From Tanzania: Don't be afraid to chuckle at yourself. This is an important one. Being the new guy or girl, being the newest to an office, or taking on a new role can be daunting. And we all, no matter our age or level of experience, can start to doubt ourselves or be nervous about making a good impression because of that. But you're going to have moments where you can only laugh. Whether it's because you've done something silly, because you can't believe your good fortune, or because the alternative is crying or screaming, take a moment to find the lighter side and laugh. In my first role, I had reasons to laugh that fit all of those descriptions (everything from misordered promotional items to a screaming fight with a faculty member). And it was harder work to laugh at some of them than others, but ultimately finding the levity in those moments got me through them.

From Los Angeles: Be honest and authentic. This advice comes up a lot, in everything from interviewing to speaking up in meetings, and it's no less true when it comes to expressing your funny or silly side. We all know what trying to be funny looks like and sounds like; these efforts rarely succeed. Think about the moments in life that make you laugh- the daily commute, text messages from friends, your reaction to something you read or saw on TV. Just as this site, and indeed your life, is about finding your niche, so it goes for your sense of humor. If you're going to tell a joke or share a funny quip, make sure it makes you laugh first. If not, don't bother. Someone else can make that joke sing.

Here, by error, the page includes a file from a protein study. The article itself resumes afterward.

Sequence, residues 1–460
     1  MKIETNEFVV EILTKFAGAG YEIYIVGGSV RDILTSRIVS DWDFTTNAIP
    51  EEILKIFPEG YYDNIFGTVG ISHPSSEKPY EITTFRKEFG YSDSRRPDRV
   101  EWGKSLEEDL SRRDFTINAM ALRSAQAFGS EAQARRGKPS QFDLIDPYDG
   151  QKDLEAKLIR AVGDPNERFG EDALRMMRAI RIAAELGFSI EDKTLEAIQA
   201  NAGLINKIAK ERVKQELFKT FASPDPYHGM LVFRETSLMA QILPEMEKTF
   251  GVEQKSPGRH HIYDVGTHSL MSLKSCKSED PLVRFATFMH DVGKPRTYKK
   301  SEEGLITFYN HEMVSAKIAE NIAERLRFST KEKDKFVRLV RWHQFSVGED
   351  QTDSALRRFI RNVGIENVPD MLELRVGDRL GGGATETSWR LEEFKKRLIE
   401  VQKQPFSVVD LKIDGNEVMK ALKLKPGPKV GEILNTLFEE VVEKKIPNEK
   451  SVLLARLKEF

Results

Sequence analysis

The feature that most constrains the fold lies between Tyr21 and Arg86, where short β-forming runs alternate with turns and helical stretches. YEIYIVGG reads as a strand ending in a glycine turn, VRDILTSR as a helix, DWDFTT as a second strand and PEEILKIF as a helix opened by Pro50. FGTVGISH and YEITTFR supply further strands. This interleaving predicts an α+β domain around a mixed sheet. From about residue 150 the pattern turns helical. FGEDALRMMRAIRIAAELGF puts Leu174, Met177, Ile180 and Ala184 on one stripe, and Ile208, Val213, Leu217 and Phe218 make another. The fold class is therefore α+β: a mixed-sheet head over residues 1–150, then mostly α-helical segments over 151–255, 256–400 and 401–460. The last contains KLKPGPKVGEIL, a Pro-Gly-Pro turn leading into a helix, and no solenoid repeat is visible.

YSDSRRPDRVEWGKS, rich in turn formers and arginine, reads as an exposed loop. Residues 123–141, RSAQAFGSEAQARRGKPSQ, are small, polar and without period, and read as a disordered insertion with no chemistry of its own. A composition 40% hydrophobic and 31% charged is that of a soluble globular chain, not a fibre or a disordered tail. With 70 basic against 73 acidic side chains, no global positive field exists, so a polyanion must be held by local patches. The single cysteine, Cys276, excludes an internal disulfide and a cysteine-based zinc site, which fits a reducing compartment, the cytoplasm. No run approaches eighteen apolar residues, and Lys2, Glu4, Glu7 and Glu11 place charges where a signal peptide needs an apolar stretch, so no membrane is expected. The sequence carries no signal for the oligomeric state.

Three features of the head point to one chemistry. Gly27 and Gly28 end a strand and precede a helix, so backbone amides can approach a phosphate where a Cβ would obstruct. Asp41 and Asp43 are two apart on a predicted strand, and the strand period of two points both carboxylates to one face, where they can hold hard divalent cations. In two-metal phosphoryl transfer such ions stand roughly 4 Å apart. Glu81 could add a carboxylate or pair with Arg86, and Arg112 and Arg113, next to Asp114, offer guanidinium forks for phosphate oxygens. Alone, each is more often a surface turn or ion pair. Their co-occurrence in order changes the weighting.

Even with all the advice given above, I want to end this post with the advice shared by Peter McGraw, whose desire to create an academic formula to predict humor (I want to teach that!) fueled this whole worldwide search:

Surround yourself with the people and things that make you laugh. Seek out interesting places and interesting people. Focus on the friends that make you laugh, not the ones who bring you down. Choose as a partner someone with whom you share a sense of humor, someone who helps you see the lighter side of life [...] And maybe it's cliched, but remind yourself that everything is going to be okay. That thing that seems so scary in the moment, so catastrophic and worrisome, is only scary because you're paying so much attention to it. It's okay to complain, but add a bit of wit to your grumbling.